We also know that mead played a huge role after the wedding ceremony. In fact, the bride and the groom were legally required to get drunk and both would drink from the same cup. This tradition is known as the “loving cup,” and it symbolizes the union of the bride and groom.
Since the wedding celebration usually lasted for at least a week, it was crucial to account for the weather and ensure that there would be enough food for the festivities.
As we already mentioned, Viking wedding ceremonies were always held on Fridays to honor the Norse goddess, Freya. But she wasn’t the only deity involved in Viking wedding traditions.
Thor was also a huge part of Viking wedding ceremonies. It was customary for the bride to ask Thor to bless the wedding and for her to have a hammer on her lap. The hammer represented Thor’s Hammer, Mjolnir and having it on the bride’s lap during the ceremony was said to make stronger children.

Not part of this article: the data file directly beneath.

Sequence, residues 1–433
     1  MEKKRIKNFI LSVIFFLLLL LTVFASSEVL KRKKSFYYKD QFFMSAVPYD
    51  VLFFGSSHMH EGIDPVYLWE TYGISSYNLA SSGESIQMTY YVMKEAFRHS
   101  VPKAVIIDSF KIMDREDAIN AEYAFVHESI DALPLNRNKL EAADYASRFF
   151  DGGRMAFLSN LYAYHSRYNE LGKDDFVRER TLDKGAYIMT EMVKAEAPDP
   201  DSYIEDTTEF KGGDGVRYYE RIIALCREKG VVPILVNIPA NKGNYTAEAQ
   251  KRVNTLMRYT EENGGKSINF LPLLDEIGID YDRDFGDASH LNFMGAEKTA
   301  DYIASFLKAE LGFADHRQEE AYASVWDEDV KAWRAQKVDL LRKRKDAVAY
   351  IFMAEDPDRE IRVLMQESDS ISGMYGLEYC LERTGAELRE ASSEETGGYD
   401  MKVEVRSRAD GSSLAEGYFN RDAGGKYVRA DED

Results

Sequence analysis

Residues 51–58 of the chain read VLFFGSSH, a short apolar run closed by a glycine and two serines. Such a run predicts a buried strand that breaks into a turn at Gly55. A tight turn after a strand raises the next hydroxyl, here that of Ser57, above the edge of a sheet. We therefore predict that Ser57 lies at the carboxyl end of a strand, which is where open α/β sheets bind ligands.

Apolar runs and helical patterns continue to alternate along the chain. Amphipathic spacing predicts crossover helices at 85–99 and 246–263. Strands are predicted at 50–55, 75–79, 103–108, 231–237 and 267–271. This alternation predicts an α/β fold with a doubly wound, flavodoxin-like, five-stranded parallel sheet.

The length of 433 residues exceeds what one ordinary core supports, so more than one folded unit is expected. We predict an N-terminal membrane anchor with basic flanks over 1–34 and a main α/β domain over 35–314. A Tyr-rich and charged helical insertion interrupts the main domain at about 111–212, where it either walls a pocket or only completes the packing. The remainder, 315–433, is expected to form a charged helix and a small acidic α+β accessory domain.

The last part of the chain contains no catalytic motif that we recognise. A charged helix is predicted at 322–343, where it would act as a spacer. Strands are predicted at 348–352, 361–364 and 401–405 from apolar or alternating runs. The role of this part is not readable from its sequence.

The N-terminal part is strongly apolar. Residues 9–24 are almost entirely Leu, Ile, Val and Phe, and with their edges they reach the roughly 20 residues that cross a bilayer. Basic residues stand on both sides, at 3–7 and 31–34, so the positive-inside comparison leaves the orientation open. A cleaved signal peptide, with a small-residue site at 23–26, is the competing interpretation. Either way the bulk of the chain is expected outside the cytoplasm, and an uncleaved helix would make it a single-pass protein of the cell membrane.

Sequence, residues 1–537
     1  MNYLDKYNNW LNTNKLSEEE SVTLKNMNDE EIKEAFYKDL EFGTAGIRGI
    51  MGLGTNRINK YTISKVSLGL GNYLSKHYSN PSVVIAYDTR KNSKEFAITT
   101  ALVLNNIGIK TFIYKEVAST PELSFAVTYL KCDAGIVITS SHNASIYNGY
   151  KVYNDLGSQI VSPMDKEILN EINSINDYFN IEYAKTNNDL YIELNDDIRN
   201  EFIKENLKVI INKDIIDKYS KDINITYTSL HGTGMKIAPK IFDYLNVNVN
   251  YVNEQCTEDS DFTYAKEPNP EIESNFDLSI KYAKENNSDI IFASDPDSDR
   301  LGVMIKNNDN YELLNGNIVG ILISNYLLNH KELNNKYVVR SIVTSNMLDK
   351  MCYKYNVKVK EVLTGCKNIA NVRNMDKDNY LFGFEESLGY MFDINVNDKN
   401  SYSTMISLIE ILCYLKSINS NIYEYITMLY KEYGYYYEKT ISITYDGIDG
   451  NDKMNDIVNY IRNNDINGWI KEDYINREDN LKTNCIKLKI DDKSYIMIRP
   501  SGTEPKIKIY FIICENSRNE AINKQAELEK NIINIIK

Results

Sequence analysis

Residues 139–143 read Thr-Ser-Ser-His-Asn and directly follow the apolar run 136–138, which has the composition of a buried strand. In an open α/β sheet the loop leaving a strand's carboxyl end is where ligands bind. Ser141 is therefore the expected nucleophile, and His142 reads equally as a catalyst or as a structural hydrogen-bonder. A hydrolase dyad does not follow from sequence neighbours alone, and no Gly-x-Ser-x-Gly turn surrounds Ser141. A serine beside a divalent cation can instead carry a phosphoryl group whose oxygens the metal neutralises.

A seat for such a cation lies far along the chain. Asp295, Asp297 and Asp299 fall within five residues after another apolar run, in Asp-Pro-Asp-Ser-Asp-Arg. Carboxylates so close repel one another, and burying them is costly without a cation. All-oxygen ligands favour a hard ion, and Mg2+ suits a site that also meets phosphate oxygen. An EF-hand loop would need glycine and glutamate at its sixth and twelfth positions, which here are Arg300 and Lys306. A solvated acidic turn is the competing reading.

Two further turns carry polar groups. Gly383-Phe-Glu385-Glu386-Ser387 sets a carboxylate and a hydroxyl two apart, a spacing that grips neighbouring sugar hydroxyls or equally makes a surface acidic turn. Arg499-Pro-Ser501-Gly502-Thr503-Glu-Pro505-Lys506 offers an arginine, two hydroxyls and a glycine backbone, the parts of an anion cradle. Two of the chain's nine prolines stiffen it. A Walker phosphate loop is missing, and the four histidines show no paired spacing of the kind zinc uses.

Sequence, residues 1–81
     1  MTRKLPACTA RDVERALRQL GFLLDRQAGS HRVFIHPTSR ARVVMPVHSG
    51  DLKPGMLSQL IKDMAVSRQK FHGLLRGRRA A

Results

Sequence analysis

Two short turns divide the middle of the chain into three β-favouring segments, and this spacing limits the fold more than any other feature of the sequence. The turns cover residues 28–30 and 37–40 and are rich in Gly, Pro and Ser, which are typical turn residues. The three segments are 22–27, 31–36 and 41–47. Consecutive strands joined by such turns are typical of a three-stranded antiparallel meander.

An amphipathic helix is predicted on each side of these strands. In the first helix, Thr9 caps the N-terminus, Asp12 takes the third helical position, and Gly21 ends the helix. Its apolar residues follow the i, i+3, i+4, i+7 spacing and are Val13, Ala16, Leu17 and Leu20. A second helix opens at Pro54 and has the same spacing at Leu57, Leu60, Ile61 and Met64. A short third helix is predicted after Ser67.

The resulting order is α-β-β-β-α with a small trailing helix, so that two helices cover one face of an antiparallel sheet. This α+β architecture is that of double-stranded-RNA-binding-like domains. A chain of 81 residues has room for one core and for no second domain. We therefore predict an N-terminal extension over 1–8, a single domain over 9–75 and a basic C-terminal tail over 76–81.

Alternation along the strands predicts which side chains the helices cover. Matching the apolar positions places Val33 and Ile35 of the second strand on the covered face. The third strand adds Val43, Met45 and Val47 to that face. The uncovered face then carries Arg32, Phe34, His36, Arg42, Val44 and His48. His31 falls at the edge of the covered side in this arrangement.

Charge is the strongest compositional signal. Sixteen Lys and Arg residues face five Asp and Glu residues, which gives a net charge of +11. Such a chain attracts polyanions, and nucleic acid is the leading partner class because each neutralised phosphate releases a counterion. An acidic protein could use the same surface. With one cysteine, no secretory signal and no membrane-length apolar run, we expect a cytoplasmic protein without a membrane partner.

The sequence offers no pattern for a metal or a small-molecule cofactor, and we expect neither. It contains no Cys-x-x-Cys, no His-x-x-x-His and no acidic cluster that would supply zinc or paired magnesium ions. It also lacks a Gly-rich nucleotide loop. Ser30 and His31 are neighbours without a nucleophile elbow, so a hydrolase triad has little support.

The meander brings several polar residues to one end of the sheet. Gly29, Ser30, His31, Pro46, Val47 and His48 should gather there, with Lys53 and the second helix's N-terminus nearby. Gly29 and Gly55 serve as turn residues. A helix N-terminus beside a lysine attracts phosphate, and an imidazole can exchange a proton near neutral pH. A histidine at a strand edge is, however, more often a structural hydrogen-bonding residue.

To appeal to the Norse gods and goddesses, Viking wedding ceremonies often involved various animal sacrifices, which were not uncommon during that time. They would sacrifice a goat for Thor, an adult female pig for Freya and a horse or boar for Freyr.
Freya was the goddess of love, fertility, battle and death, while Freyr was the god of peace, fertility, rain and sunshine. The Vikings believed that making these sacrifices would bring blessings to the marriage.
However, it was not the responsibility of the bride and the groom to perform these sacrifices. Typically, it would be the Gothi, the person responsible for the wedding. Since wedding celebrations were such a large and important event, it wasn’t uncommon for village members to be involved.
Incorporating Viking Traditions into a Modern Wedding Ceremony